Whether the reasoning for this funding rule is BS or not, it's there, and teams can use that as an excuse for the many rolling guarantees we see in contracts. In Colin Kaepernick's recent contract extension, future salaries become guaranteed on April 1 of each league year. In each of those years then, the funding for the following season's salary would thus need to be set aside. It's the way the 49ers have done business. Yes, they could conceivably release Kap before April 1 of each year for skill or cap reasons, but does anybody actually think that will happen?

The latter end of the deal is going to be interesting as we see how Kap develops, but in any NFL deal of this length, those latter years would pretty much never be fully guaranteed. The lack of more full guarantees (or at least complete injury guarantees, for example) is on the NFLPA in their labor negotiations with the league. Kap has put together a deal that will pay him a lot of money, but also provides an early opportunity for the 49ers to extend some other players. I think both parties can live with that. People look for a clear winner and a clear loser in a negotiation, but they easily ignore the shades of grey that are a part of any negotiation. And when you're talking about the NFL and its salary cap, and trying to keep enough money around for the other talented players, it becomes even more grey.

Minimum Salaries

Section 1 of Article provides a rundown of the minimum salaries each player can be paid. The salaries hit the salary cap like normal, with the one exception being the veteran minimum salary benefit. The salaries are determined based on credited seasons (CS). Section 2 details credited seasons. A player earns a credited season for each season during which he was on, or should have been on, full pay status for a total of three or more regular season games. This does not not include games for which this player was on: (i) the Exempt Commissioner Permission List; (ii) the NFI List; (iii) a Club's Practice Squad; or iv) a Club's Injured Reserve List.

Subsection (a) is for players on the Active/Inactive List.

CS 2014 2015 2016 2017 2018 2019 2020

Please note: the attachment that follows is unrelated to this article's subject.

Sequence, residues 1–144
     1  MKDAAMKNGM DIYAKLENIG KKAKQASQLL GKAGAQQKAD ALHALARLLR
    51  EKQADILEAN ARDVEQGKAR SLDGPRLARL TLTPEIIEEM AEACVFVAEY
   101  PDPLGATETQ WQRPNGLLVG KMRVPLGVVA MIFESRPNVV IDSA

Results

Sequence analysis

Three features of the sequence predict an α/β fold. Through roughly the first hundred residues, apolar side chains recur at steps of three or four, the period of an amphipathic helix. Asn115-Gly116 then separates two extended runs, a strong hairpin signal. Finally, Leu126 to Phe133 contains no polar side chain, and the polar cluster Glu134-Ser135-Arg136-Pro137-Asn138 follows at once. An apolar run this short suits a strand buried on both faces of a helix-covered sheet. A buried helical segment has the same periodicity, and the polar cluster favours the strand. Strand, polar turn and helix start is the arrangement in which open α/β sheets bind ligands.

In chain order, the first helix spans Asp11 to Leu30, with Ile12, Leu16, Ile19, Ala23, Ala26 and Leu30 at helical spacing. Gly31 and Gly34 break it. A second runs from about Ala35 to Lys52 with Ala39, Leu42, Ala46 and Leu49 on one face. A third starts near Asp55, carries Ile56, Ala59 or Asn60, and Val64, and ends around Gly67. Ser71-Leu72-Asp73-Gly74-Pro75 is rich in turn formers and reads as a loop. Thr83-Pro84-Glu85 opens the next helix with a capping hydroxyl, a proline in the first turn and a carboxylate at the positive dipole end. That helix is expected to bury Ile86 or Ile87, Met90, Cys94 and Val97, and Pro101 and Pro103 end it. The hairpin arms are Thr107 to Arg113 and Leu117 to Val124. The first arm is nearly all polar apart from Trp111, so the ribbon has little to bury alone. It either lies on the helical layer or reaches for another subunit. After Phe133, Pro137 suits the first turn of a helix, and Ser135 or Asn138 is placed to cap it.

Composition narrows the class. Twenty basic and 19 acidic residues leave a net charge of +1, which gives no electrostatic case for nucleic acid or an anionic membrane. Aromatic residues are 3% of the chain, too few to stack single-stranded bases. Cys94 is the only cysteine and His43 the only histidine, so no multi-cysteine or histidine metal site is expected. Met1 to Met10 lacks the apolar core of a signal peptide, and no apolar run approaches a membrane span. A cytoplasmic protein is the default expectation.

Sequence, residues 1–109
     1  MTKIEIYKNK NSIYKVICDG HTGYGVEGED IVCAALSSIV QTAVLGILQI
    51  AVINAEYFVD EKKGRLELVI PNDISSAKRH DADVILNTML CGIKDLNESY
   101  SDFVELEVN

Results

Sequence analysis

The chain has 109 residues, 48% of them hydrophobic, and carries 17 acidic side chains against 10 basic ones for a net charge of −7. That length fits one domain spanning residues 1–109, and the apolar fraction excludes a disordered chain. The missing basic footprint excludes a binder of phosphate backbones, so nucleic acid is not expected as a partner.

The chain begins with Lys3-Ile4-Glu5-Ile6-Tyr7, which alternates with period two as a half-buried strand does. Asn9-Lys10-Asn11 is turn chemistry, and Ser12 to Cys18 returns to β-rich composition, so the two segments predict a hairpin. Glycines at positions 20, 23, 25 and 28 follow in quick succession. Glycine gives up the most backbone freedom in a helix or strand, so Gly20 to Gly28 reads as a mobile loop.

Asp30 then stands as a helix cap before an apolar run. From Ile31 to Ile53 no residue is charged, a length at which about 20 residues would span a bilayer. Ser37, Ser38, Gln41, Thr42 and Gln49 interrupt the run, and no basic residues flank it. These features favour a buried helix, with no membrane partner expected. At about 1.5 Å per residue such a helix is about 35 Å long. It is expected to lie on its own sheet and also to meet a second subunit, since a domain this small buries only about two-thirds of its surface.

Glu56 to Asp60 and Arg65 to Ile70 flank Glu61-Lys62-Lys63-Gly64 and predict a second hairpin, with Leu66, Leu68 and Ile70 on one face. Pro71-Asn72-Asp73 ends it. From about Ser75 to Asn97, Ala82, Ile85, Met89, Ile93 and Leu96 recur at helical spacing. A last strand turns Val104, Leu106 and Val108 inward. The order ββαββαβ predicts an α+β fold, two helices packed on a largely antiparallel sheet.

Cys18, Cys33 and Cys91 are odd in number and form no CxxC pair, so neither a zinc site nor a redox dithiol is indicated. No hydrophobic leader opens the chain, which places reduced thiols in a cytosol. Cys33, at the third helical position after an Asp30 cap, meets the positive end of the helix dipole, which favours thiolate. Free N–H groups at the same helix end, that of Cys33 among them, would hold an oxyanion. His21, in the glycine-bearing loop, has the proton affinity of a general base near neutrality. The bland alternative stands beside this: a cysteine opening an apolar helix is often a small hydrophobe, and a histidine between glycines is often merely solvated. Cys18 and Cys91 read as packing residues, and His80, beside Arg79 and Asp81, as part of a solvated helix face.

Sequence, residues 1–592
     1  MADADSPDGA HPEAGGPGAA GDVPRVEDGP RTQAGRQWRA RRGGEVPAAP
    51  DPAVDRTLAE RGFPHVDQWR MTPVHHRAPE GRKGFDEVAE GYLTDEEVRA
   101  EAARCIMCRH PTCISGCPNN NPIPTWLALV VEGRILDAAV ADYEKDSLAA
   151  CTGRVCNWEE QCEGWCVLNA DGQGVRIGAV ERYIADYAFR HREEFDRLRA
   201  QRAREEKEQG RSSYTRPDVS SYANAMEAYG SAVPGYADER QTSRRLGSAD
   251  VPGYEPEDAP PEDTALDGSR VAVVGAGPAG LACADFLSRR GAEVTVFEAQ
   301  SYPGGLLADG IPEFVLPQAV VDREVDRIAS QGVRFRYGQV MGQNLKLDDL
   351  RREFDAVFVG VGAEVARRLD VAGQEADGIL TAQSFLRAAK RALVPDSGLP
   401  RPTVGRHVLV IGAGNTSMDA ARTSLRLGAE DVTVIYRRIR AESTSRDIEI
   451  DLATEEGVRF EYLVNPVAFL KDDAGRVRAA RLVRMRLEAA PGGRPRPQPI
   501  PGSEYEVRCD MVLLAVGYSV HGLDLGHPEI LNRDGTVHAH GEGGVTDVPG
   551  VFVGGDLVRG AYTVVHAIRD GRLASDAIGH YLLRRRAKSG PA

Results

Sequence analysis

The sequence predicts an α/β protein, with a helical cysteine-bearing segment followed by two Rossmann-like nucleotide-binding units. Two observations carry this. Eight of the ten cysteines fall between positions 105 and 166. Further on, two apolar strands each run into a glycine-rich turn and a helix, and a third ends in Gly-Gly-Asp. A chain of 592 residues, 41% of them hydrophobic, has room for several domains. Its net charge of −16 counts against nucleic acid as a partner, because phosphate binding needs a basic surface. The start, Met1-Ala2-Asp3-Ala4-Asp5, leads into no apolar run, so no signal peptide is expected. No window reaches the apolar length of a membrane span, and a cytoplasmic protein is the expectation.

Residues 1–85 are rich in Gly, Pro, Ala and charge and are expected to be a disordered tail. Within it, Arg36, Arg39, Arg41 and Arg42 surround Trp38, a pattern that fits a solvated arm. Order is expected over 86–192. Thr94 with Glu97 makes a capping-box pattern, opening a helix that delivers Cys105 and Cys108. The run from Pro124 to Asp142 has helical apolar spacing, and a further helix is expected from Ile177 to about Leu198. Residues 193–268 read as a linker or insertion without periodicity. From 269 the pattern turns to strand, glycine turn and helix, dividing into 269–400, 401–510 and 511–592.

0 $420,000 $435,000 $450,000 $465,000 $480,000 $495,000 $510,000
1 $495,000 $510,000 $525,000 $540,000 $555,000 $570,000 $585,000
2 $570,000 $585,000 $600,000 $615,000 $630,000 $645,000 $660,000
3 $645,000 $660,000 $675,000 $690,000 $705,000 $720,000 $735,000
4-6 $730,000 $745,000 $760,000 $775,000 $790,000 $805,000 $820,000
7-9 $855,000 $870,000 $885,000 $900,000 $915,000 $930,000 $945,000
10+ $955,000 $970,000 $985,000 $1,000,000 $1,015,000 $1,030,000 $1,045,000

Section (b) is for players not on the Active/Inactive List, but not including practice squad players. Practice squad salary information is broken down HERE.

CS 2014 2015 2016 2017 2018 2019 2020
0 $303,000 $318,000 $333,000 $348,000 $363,000 $378,000 $393,000
1 $318,000 $333,000 $348,000 $363,000 $378,000 $393,000 $408,000
2 $333,000 $348,000 $363,000 $378,000 $393,000 $408,000 $423,000
3 $373,000 $388,000 $403,000 $418,000 $433,000 $448,000 $463,000
4-6 $398,000 $413,000 $428,000 $443,000 $458,000 $473,000 $488,000
7-9 $423,000 $438,000 $453,000 $468,000 $483,000 $498,000 $513,000
10+ $448,000 $463,000 $478,000 $493,000 $508,000 $523,000 $538,000

Salary Payment

Section 5 sets the schedule for payment. A team and player can agree to a different schedule of payment, but the default schedule is weekly or bi-weekly pay during the regular season. There has recently been some debate about switching the default to a year-round payment schedule. Players that have handled their money well have a problem with it given the present value of money. One thought would be default to the year-round payment schedule, and then allow people to switch to the in-season option.